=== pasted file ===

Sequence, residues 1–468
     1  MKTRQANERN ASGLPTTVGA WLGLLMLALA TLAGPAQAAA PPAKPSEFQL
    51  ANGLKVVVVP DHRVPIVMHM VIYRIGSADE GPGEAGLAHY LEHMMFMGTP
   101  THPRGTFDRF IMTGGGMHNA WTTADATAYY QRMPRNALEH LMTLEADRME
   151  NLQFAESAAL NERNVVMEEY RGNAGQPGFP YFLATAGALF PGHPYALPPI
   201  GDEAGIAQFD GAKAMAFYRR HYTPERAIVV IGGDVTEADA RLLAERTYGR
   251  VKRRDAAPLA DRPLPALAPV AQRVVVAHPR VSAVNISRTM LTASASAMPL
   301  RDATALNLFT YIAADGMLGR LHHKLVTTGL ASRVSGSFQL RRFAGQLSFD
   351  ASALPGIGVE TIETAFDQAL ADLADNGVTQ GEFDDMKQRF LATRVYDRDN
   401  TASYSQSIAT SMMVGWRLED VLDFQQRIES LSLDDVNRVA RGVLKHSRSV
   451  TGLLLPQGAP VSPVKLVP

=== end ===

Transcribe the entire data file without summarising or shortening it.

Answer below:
Sequence, residues 1–468
     1  MKTRQANERN ASGLPTTVGA WLGLLMLALA TLAGPAQAAA PPAKPSEFQL
    51  ANGLKVVVVP DHRVPIVMHM VIYRIGSADE GPGEAGLAHY LEHMMFMGTP
   101  THPRGTFDRF IMTGGGMHNA WTTADATAYY QRMPRNALEH LMTLEADRME
   151  NLQFAESAAL NERNVVMEEY RGNAGQPGFP YFLATAGALF PGHPYALPPI
   201  GDEAGIAQFD GAKAMAFYRR HYTPERAIVV IGGDVTEADA RLLAERTYGR
   251  VKRRDAAPLA DRPLPALAPV AQRVVVAHPR VSAVNISRTM LTASASAMPL
   301  RDATALNLFT YIAADGMLGR LHHKLVTTGL ASRVSGSFQL RRFAGQLSFD
   351  ASALPGIGVE TIETAFDQAL ADLADNGVTQ GEFDDMKQRF LATRVYDRDN
   401  TASYSQSIAT SMMVGWRLED VLDFQQRIES LSLDDVNRVA RGVLKHSRSV
   451  TGLLLPQGAP VSPVKLVP